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Original sign re-installed at Boots Motel April 30, 2013

Posted by Ron Warnick in Motels, Preservation, Signs.
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Workers from the Wilhite Signs delivered and installed a replica of the original Boots Court sign at the historic Boots Motel in Carthage, Mo.

Wilhite was the sign company that installed the original Boots Court sign when the Route 66 motel was built in 1939. The sign and its color scheme later was changed to Boots Motel.

According to a Facebook post from the motel:

Now, the new owners are restoring this Mother Road icon back to the 1949 era…both inside and out! The recent pitch roof is also gone and the Art Deco-Modern style of architecture that was popular in the 30’s is back again. Five rooms in the rear 1946 addition have been restored and work is beginning on the remaining eight rooms in http://route66news.com/wp-admin/post-new.php#category-allthe original structure.

The neon is next and a re-lighting event is coming soon!

More photos from the sign installation:

(Photos courtesy of Debye Harvey)

Was the wrong developer chosen for De Anza? April 30, 2013

Posted by Ron Warnick in Motels, Preservation.
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A guest column in the Monday edition of the Albuquerque Journal suggests the redevelopment of the historic De Anza Motor Lodge stalled  because a city agency overruled an independent panel’s recommendation for the property.

John Bloomfield said the city should have followed the recommendation to hire NewLife Homes to rejuvenate the Route 66 property. NewLife guided the rebirth of the Luna Lodge into low-income housing and recently started renovating the Sundowner Motel for a similar reuse. Both motels are on Route 66.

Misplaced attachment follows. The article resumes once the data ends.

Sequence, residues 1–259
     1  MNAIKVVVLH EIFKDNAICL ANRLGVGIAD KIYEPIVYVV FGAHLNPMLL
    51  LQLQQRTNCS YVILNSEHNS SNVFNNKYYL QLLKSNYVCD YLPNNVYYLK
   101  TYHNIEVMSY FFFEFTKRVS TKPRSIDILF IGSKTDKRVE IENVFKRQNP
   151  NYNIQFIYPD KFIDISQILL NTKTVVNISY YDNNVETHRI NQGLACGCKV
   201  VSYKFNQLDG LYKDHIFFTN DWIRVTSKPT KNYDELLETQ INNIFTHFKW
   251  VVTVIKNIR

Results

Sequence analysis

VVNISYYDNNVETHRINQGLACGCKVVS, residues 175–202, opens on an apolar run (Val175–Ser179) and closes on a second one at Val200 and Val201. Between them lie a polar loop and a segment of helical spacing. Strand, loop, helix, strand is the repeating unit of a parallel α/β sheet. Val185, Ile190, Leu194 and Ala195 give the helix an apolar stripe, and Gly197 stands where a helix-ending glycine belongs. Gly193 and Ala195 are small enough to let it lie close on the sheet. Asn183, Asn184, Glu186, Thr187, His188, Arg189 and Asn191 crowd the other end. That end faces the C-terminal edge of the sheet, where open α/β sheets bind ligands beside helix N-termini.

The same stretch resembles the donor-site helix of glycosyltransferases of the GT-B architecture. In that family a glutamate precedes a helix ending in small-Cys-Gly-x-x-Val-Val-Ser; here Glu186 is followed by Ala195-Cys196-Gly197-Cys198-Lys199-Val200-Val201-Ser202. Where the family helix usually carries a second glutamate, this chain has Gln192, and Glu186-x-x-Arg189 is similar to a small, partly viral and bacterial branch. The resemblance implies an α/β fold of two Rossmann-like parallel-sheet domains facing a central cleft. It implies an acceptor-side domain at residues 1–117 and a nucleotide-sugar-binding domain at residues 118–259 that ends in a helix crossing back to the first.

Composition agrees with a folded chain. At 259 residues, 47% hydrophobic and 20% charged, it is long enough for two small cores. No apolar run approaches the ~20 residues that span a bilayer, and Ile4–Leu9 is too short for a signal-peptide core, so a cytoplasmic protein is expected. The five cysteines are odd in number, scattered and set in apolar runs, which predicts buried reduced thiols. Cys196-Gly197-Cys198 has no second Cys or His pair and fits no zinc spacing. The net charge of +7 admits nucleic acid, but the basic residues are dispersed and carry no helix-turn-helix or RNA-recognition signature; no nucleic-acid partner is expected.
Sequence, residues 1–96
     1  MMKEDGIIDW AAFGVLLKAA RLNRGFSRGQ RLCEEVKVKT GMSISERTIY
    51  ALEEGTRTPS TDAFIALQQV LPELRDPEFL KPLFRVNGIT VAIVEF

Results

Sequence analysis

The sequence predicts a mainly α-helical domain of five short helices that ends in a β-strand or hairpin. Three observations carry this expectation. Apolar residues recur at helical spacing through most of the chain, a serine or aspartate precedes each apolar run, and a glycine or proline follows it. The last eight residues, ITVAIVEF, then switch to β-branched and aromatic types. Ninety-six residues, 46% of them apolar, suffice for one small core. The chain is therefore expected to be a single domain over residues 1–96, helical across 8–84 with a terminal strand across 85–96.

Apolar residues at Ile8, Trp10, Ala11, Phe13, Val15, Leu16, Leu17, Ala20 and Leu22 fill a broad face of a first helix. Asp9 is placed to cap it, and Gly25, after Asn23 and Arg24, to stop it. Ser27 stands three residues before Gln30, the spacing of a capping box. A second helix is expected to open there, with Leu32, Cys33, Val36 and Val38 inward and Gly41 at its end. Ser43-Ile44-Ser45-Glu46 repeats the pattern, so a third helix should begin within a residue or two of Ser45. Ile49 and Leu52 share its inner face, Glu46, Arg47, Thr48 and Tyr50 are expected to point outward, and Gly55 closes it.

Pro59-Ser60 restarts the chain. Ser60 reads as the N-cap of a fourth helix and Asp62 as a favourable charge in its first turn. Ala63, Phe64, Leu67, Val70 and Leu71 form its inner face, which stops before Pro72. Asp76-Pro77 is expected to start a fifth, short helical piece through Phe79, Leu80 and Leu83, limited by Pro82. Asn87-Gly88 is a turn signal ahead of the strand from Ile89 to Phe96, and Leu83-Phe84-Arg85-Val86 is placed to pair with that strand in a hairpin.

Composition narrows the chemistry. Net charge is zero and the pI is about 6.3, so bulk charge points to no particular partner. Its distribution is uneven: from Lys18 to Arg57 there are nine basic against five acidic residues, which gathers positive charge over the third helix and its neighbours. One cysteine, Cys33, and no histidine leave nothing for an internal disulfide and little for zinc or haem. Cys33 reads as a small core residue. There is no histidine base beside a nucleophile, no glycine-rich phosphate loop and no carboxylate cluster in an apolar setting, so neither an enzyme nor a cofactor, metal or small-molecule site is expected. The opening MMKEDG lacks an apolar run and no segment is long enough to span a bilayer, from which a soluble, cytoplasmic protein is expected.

Meanwhile, current De Anza developer Rob Dickson has seen multiple delays, including one that may endanger the entire project. A previous developer for De Anza bailed after several years of little activity.

Bloomfield wrote:

The De Anza would have been developed by now if the recommendation from the independent selection panel, tasked with reviewing and ranking developer proposals, had not been overturned by the Albuquerque Development Commission. [...]

The independent selection panel ranked nonprofit developer NewLife Homes first, with the highest score. The lowest score went to the developer who was recommended by the Albuquerque Development Commission. Given the issues and delays this particular developer had with prior city-funded projects, it is not surprising that the De Anza continues to sit idle.

Projects like the De Anza have had a history of for-profit developers promising, but not delivering, and going back to the city for more funds.

This begs a question: Why did the Development Commission ignore the panel’s findings and choose a lesser applicant to renovate De Anza?

Zuni trader and Indian art collector Charles G. Wallace built De Anza in 1939. The long-vacant motel, at 4301 Central NE, is on the National Register of Historic Places.

(Image of De Anza Motor Lodge by Debora Drower, via Flickr)

Route 66 exhibit opens at Springfield, Mo., museum April 29, 2013

Posted by Ron Warnick in Events, Highways, History, Museums.

A new exhibit about a local history of Route 66 – “Woodruff’s Dream: The Mother Road Through Springfield” — opened over the weekend at the History Museum on the Square in downtown Springfield, Mo.